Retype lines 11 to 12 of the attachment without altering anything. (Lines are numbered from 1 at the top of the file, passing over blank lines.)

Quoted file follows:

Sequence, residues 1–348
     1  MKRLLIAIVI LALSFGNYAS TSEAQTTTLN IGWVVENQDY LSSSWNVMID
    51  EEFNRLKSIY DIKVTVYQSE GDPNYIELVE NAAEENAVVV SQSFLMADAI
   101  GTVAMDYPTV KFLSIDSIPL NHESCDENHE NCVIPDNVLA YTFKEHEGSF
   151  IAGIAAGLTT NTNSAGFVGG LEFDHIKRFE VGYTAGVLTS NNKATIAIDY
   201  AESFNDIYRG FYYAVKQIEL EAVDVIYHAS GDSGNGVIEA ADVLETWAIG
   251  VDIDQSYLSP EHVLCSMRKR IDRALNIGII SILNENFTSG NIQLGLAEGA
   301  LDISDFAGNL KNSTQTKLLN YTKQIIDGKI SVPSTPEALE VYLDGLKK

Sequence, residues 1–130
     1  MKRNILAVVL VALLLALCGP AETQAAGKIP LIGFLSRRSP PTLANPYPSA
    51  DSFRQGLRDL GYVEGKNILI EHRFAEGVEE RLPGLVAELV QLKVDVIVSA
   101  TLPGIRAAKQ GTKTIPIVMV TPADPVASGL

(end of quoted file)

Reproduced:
    51  DSFRQGLRDL GYVEGKNILI EHRFAEGVEE RLPGLVAELV QLKVDVIVSA
   101  TLPGIRAAKQ GTKTIPIVMV TPADPVASGL